Last Wednesday, Hockey Canada invited 32 players, including Flyers goalie prospect Carter Hart, to its selection camp, which takes place Dec. 12-15. Patrick, along with five other NHLers eligible for Canada, were not invited, but NHL teams have until Dec. 19, which is also the NHL’s holiday break roster freeze, to loan players to Team Canada.

Now back to Patrick. On Sunday afternoon, general manager Ron Hextall said the Flyers will not loan Patrick to Team Canada. Since we know the final decision, let's evaluate what the Flyers had to weigh.

1) Patrick’s role with the Flyers
The Flyers have four games during the WJCs, which begin Dec. 26 and ends Jan. 5, 2018. Canada has two pre-tournament games on Dec. 20 and Dec. 22, and if Patrick were permitted to participate, the Flyers would have been without him for seven games. While the Flyers are in a bigger rebuild than expected, they’re not tanking by any means.

Patrick is centering the Flyers’ fourth line with Travis Konecny and Dale Weise. Both Patrick and Konecny’s ice times have dropped during the Flyers’ successful three-game Western Canada trip. We saw Dave Hakstol shorten his bench as he attempted to protect leads and stop the Flyers’ bleeding. In the now, it was the right decision.

The Flyers snapped a 10-game losing streak last Monday in Calgary and then went on to beat Edmonton and Vancouver. Patrick had just two shifts in the third period in Calgary and three Wednesday night in Edmonton. Thursday, in Vancouver, was an improvement in both ice time and play. Still, he played fourth-line minutes.

“You’re seeing a 19-year-old player who needs to become a pro,” Flyers general manager Ron Hextall told The Inquirer last week. “He’s a kid. He’s played some good hockey for us; he’s [also] played some hockey that’s not up to the level that he’s established even at his age. The consistency part is something he has to get better at.”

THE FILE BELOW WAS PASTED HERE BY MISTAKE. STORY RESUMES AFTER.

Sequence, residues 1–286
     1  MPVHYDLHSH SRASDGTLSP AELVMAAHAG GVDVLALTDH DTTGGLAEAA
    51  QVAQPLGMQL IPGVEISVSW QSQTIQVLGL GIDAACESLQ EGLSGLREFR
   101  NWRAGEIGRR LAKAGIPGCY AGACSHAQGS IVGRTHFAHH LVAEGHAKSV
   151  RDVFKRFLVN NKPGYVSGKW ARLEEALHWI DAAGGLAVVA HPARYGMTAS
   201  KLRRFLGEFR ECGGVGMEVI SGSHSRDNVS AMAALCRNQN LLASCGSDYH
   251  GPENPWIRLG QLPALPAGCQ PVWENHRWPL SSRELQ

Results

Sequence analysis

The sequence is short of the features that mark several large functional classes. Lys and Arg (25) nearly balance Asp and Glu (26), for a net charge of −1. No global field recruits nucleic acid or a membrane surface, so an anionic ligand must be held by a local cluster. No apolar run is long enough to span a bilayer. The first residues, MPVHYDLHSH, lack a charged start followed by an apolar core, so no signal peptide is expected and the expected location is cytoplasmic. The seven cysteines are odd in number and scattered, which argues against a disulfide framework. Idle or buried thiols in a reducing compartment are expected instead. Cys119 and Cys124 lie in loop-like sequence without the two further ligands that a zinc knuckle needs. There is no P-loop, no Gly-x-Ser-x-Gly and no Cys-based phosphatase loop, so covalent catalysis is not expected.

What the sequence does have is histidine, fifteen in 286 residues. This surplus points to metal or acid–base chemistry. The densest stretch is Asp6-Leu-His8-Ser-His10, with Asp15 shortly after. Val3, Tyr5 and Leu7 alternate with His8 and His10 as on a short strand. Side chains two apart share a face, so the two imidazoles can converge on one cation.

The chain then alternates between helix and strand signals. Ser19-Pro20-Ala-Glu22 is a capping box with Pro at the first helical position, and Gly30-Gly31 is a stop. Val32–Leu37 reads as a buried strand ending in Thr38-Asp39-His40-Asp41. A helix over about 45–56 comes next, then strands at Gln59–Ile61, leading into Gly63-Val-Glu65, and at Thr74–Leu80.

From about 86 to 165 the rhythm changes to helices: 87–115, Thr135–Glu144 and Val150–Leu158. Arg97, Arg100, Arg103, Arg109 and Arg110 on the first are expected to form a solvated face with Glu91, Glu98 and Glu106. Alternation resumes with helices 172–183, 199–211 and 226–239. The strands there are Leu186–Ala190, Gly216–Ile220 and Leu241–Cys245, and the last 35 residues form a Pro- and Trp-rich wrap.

2) Would Patrick benefit from participating in the tournament?
It’s an interesting question and it's one many wishes would have an easy answer. But it’s not as easy as anyone would have liked it to be. Patrick hasn’t had the impact many hoped he would, and could benefit from a brief period against his peers.

Before Patrick suffered a suspected concussion, he was flashing his playmaking ability that made him the No. 2 overall pick in the 2017 draft, even though he played in just 33 games in his draft year because of two different core muscle injuries. Since returning from his suspected concussion Nov. 16, Patrick still hasn’t had the influence many want to see from him. There have been good games — Nov. 24 against the Islanders was his best thus far in the NHL. But there have been bad games too — Dec. 2 against Boston and last Monday in Calgary stand out the most.

We can argue Patrick is being misused because of his recent ice time, that playing him an average of 8:55 the past three games doesn’t help his development. But that would ignore Patrick has received ample opportunity. Patrick averaged 12:23 in the eight games prior — all losses — and his play didn’t warrant more minutes. There is a fine line between winning and developing, and when the Flyers were in the midst of a 10-game losing streak, Dave Hakstol had to do something. Shortening his bench during the three games in Western Canada wasn’t bad coaching; in fact, it was the opposite.